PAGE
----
Petitioners Reyes Alvarez-Delmuro and Soledad Alvarez-Colazo, husband and wife, are natives and citizens of Mexico who face removal from this country. They seek review of the decision of the Immigration Judge (IJ) that they are not eligible for cancellation of removal. The Board of Immigration Appeals (BIA) affirmed, without opinion, the decision of the IJ, making the IJ's decision the final agency determination. See 8 C.F.R. § 1003.1(e)(4). Respondent asserts that 8 U.S.C. § 1252(a)(2)(B) deprives this Court of jurisdiction to review the IJ's determination. In keeping with our recent decision in Morales Ventura v. Ashcroft, 348 F.3d 1259 (10th Cir.2003), we agree.
The Alvarezes concede that they entered the United States together without inspection on January 8, 1986, making them subject to removal. In removal proceedings, the Alvarezes applied for relief under 8 U.S.C. § 1229b(b)(1), which permits the Attorney General to cancel removal of an inadmissable or deportable alien who
8 U.S.C. § 1229b(b)(1). The IJ determined that the Alvarezes satisfied subparagraphs (A), (B), and (C), but that they did not satisfy subparagraph (D).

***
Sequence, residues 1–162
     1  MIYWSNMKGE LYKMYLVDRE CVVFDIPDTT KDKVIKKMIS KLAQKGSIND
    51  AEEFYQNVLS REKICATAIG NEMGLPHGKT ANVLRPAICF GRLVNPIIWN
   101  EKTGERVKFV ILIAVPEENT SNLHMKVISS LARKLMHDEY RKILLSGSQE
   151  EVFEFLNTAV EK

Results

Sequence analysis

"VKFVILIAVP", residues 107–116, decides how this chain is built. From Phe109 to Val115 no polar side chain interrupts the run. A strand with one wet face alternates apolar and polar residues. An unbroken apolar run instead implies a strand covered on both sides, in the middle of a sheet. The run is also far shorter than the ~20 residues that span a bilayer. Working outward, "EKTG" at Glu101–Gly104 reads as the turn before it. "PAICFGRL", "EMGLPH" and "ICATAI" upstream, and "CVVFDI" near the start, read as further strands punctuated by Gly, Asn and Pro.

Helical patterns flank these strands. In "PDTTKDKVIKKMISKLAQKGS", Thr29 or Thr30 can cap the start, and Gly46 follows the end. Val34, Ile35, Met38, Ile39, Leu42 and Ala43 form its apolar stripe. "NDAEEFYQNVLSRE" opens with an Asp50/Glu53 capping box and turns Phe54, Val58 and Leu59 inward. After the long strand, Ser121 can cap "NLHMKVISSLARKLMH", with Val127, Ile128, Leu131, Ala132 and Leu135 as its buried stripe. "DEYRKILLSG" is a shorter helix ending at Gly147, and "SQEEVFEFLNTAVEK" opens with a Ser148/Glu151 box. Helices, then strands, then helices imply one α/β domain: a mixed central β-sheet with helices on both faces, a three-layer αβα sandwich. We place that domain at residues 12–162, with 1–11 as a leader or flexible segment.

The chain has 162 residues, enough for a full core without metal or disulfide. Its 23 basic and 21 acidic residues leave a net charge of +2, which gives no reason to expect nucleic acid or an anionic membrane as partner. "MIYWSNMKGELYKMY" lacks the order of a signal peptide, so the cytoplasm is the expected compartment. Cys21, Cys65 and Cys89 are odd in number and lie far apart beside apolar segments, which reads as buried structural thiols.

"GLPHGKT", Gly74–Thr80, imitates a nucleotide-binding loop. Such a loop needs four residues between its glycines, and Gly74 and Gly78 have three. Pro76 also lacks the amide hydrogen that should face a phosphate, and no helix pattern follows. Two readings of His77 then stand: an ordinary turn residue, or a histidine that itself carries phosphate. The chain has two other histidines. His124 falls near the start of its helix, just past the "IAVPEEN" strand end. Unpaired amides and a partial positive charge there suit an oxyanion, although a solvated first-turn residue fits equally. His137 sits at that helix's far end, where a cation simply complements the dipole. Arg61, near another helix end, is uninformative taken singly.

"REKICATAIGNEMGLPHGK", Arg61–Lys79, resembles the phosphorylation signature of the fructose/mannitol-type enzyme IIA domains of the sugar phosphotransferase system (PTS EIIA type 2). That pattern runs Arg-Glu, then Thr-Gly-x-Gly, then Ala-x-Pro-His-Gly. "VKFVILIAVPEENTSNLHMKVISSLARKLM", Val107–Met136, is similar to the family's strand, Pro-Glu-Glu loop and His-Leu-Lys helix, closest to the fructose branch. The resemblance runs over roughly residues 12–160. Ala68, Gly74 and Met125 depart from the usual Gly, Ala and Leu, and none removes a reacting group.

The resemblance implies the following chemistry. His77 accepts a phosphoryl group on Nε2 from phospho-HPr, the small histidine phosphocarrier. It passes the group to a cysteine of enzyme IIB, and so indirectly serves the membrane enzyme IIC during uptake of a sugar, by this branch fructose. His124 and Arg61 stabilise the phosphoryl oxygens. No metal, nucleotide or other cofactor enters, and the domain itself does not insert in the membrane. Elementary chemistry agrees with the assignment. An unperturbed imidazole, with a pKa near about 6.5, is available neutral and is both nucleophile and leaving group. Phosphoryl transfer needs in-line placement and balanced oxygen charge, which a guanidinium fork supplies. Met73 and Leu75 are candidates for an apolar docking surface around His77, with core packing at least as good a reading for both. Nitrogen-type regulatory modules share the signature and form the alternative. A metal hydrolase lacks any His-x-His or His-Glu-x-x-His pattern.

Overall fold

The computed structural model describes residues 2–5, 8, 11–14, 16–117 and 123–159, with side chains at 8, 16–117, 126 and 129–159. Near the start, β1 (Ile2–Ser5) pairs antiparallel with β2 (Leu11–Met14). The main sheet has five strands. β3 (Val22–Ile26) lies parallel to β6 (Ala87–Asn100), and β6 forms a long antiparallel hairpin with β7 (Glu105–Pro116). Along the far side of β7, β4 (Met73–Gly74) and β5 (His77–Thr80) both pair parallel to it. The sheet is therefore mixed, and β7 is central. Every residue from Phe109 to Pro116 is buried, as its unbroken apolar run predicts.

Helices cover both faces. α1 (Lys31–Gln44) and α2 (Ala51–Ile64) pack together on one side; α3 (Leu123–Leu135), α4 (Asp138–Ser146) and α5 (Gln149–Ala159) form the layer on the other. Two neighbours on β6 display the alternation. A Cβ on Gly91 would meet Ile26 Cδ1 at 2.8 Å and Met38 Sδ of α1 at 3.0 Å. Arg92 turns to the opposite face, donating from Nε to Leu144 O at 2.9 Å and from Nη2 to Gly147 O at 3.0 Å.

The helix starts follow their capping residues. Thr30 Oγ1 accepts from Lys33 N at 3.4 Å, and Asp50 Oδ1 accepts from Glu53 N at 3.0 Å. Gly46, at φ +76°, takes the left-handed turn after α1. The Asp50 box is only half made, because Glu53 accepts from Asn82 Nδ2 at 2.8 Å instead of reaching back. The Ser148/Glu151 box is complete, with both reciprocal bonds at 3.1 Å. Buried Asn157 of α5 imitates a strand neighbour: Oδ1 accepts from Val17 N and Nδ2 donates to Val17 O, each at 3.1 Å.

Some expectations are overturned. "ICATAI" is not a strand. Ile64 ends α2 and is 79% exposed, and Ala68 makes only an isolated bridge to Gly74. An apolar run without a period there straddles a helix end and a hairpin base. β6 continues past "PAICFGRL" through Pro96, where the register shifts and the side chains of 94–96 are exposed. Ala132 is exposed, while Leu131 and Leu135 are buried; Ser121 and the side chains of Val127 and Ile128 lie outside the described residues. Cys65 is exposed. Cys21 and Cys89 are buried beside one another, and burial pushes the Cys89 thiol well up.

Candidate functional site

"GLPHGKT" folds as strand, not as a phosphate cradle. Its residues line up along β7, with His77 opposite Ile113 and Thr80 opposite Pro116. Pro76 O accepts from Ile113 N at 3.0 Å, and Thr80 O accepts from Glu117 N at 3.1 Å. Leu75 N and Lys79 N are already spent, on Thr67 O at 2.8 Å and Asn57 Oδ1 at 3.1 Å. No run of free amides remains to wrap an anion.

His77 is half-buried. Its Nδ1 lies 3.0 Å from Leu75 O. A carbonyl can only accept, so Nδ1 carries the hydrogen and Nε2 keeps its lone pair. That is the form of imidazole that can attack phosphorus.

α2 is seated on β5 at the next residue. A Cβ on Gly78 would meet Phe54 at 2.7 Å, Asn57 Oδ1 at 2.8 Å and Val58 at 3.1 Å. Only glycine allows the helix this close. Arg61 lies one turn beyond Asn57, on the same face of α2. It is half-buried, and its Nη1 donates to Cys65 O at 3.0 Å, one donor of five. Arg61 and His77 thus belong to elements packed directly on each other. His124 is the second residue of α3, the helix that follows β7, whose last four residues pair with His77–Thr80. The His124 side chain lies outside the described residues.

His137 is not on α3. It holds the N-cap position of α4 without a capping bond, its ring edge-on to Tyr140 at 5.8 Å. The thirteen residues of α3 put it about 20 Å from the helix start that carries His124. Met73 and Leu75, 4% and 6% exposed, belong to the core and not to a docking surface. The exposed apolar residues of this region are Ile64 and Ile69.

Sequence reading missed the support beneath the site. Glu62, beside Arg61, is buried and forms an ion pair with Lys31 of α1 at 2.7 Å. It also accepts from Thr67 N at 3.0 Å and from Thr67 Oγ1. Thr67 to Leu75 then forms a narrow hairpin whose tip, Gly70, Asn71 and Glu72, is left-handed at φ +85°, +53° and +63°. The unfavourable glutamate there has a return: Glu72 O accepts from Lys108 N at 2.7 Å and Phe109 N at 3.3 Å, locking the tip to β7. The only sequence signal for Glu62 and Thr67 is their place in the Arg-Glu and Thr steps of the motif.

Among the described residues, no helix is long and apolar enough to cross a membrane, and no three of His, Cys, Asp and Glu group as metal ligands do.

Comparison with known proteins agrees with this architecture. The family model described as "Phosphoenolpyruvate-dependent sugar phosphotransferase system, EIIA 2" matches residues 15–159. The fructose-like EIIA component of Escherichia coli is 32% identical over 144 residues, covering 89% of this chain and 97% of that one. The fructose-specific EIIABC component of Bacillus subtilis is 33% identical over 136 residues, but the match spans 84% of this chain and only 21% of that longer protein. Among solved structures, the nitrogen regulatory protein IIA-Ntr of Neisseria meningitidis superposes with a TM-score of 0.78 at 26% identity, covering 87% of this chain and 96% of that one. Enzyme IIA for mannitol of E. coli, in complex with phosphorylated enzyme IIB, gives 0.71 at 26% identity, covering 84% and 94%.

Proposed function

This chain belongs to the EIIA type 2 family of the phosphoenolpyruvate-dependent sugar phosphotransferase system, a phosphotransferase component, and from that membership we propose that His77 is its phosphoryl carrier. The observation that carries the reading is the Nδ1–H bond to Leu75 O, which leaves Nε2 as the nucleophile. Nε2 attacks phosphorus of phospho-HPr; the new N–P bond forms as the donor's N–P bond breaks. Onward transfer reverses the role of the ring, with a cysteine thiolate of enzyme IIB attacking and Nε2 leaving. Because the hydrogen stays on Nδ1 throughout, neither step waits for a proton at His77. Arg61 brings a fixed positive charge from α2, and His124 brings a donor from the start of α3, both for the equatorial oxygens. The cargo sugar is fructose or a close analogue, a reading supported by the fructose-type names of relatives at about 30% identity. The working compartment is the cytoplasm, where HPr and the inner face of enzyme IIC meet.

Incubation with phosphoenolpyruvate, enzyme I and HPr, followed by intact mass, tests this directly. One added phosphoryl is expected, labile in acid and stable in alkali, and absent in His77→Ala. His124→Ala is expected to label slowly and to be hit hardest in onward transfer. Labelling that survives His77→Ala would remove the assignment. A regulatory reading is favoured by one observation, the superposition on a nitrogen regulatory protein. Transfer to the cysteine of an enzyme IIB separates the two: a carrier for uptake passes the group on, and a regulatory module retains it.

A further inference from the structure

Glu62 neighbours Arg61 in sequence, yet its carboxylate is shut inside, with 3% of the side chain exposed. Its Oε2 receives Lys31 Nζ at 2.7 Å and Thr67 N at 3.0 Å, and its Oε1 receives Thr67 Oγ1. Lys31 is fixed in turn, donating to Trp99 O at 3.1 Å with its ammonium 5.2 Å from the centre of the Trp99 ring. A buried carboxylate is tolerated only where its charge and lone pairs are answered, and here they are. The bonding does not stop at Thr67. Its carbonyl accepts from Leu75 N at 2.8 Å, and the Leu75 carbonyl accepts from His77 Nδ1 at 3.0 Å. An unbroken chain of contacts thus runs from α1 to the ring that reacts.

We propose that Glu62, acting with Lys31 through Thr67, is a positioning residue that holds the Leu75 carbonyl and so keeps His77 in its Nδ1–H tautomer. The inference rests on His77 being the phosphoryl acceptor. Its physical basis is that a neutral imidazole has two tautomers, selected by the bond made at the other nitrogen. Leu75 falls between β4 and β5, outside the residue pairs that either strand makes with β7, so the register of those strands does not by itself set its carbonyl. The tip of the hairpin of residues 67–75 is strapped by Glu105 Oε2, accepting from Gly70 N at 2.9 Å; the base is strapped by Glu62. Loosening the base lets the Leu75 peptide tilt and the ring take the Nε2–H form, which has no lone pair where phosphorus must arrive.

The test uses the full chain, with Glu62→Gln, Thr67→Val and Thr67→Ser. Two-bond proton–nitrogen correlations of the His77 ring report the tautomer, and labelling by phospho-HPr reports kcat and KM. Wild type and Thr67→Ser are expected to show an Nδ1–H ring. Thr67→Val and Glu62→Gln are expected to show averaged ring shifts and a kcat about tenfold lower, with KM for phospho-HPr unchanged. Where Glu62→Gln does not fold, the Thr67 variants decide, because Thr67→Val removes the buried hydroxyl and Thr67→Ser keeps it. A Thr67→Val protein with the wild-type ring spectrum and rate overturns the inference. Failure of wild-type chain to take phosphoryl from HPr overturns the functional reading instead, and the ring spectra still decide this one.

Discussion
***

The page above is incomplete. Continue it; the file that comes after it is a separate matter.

The Alvarezes claimed that they met the requirements of subparagraph (D) because their removal would result in "exceptional and extremely unusual hardship" to their four children who are United States citizens by virtue of their birth in this country. The children range in age from four to thirteen. The Alvarezes assert that if they take the children back to Mexico with them, the children would be forced to endure an educational system and a standard of living considerably worse than in the United States. In addition, the Alvarezes do not believe that they could adequately support their children in Mexico. Alternatively, if the Alvarezes were to leave their children in the United States with relatives, the children would suffer from being separated from their parents.
The IJ found that if the Alvarezes returned to Mexico,
Rec. at 80. However, the IJ also found that the Alvarezes' case did not satisfy the exceptional and extremely unusual hardship standard because "when Congress passed the legislation concerning cancellation of removal, in the committee reports they noted that they did not want cancellation of removal to be granted simply because families would suffer a worse type of
Id. at 80-81. The Alvarezes appealed to the BIA, which affirmed, without opinion, the IJ's determination.